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Re: [TowerTalk] Ground mounting vs roof mounting verticals

To: "towertalk" <>
Subject: Re: [TowerTalk] Ground mounting vs roof mounting verticals
From: "Jim Brown" <>
Date: Thu, 22 Oct 2009 08:39:37 -0700
List-post: <">>
On Thu, 22 Oct 2009 05:17:37 -0700 (PDT), Dennis OConnor wrote:

>Bob, have you modeled it?
>I bet you will be surprised at what you find...

Good advice. But I would insert the beam into the model as being 
connected to the tower, and the tower connected to the bottom of 
the vertical on one end and to ground on the other, with the 
transmitter connected at the bottom of the vertical. Note, 
however, that the connection to ground doesn't do much for that 
vertical -- it's the metal below the antenna (and close to it) 
that matters most. 

Most verticals DO need some form of radials (counterpoise) to 
serve as the return for antenna currents AND the fields that the 
antenna produce. Those fields and the currents form a CIRCUIT, and 
if that circuit is not there or is poor, antenna performance will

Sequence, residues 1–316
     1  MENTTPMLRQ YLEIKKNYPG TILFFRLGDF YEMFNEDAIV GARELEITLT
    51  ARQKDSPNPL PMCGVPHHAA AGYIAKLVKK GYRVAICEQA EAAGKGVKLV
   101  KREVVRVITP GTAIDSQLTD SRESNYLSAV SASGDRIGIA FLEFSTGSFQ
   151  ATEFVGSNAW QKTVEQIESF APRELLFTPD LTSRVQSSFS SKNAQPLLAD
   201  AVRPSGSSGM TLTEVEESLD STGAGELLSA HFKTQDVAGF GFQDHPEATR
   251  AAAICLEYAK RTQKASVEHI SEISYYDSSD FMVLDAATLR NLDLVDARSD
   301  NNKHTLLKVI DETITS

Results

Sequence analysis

be poor. While it may be far from ideal, the beam could perform 
the function as a counterpoise sufficiently well to make the 
vertical work well enough to make you happy. 

Typical all-band verticals have the reputation of poor efficiency. 
There are at least two solid technical reasons for this.  First, 
the loading coils and other networks designed into them to make 
them work on a lot of bands (and on bands for which they are short 
as a fraction of a quarter wave) are lossy. Second, many verticals 
are installed without a sufficient radial system. Both of these 
failings burn some of the transmitter power. 

A few verticals are designed to work without radials, but most DO 
need radials (or some form of counterpoise). 

As to the antenna tuner -- yes, you are likely to need an antenna 
turner to get the transmitter to put power into the transmission 
line, and some of that power will be burned in the line if there 
is a mismatch at the antenna. BUT -- an antenna tuner will NOT 
make the antenna RADIATE, and it will NOT make up for losses in 
the antenna due to those loading coils and the lack of radials. 
What the tuner does is make the transmitter happy and allow it to 
put power into the coax.


Jim Brown K9YC


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